Please use this identifier to cite or link to this item: https://hdl.handle.net/10356/143221
Title: Sacred canopies or religious markets? The effect of county-level religious diversity on later changes in religious involvement
Authors: Olson, Daniel V. A.
Marshall, Joey
Jung, Jong Hyun
Voas, David
Keywords: Social sciences::Sociology
Issue Date: 2020
Source: Olson, D. V. A., Marshall, J., Jung, J. H., & Voas, D.(2020). Sacred canopies or religious markets? The effect of county-level religious diversity on later changes in religious involvement. Journal for the Scientific Study of Religion, 59(2), 227-246. doi:10.1111/jssr.12651
Journal: Journal for the Scientific Study of Religion
Abstract: Secularization theories, such as Berger's Sacred Canopy argument, hold that religious diversity leads to a decline in religious participation. Religious market models (e.g., Finke and Stark) argue the opposite. Voas, Olson, and Crockett found that nearly all of the vast research exploring this important question prior to 2002 was flawed due to a previously unrecognized noncausal statistical relationship between measures of religious diversity and measures of religious participation. Since 2002, this methodological issue has largely stymied research on this important topic. We first describe how, following Voas et al.’s recommendations, longitudinal models can overcome these problems. We then apply these methods to data measuring the religious composition of all U.S. counties found in the Religious Congregations and Membership Studies from 1980, 1990, 2000, and 2010. Using multilevel longitudinal regression models, we find that greater county-level religious diversity is followed by later declines in county-level religious participation rates. The negative effect size of religious diversity is large and robust to changes in the control variables and different methods of measuring religious diversity.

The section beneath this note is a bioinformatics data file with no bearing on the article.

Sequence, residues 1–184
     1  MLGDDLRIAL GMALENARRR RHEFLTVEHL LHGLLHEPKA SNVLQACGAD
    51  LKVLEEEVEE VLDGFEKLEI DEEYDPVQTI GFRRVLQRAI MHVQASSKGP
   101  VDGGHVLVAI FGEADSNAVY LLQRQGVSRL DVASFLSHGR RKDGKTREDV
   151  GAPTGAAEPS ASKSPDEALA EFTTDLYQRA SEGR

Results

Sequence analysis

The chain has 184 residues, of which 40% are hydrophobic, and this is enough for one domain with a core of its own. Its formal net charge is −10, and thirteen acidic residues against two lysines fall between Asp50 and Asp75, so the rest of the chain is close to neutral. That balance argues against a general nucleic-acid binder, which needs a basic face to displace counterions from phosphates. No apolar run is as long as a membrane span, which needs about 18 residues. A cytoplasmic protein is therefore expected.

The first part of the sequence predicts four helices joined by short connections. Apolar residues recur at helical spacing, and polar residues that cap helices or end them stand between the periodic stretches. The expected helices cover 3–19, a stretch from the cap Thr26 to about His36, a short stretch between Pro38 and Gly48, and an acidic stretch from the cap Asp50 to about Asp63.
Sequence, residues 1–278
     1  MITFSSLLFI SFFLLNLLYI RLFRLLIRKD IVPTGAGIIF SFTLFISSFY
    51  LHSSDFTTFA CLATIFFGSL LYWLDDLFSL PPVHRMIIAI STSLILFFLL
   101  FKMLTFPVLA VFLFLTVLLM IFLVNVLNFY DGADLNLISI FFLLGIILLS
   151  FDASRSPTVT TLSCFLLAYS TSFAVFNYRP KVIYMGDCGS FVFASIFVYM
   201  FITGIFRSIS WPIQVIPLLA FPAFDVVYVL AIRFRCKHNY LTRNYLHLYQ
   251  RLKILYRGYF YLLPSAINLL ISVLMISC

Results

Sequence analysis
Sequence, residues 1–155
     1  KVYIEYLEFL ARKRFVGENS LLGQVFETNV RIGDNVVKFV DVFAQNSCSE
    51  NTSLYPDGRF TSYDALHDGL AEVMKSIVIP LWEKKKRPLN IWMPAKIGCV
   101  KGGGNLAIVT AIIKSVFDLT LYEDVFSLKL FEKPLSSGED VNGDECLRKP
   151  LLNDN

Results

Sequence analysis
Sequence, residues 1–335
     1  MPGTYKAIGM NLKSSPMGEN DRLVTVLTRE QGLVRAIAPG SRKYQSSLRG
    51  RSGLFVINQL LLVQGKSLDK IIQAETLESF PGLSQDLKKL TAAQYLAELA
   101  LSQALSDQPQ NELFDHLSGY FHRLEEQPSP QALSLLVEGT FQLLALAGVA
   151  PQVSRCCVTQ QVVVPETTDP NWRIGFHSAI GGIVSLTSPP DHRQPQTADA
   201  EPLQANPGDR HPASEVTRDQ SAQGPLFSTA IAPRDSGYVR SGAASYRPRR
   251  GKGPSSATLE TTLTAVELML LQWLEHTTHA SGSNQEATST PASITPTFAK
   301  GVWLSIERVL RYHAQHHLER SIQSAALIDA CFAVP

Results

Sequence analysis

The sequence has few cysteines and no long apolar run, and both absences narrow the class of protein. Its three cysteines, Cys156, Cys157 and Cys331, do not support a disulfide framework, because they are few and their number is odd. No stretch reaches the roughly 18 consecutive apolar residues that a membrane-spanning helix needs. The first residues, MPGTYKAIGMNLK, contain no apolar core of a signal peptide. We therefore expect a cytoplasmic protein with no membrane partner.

URI: https://hdl.handle.net/10356/143221
ISSN: 0021-8294
DOI: 10.1111/jssr.12651
Rights: © 2020 The Society for the Scientific Study of Religion. All rights reserved. This paper was published by Wiley in Journal for the Scientific Study of Religion and is made available with permission of The Society for the Scientific Study of Religion.
Fulltext Permission: open
Fulltext Availability: With Fulltext
Appears in Collections:SSS Journal Articles

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